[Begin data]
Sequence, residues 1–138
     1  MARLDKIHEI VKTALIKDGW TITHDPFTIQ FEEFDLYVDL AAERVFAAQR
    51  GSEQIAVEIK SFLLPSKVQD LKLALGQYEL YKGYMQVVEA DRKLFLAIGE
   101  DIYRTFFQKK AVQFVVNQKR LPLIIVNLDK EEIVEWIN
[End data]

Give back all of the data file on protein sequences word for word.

Sequence, residues 1–138
     1  MARLDKIHEI VKTALIKDGW TITHDPFTIQ FEEFDLYVDL AAERVFAAQR
    51  GSEQIAVEIK SFLLPSKVQD LKLALGQYEL YKGYMQVVEA DRKLFLAIGE
   101  DIYRTFFQKK AVQFVVNQKR LPLIIVNLDK EEIVEWIN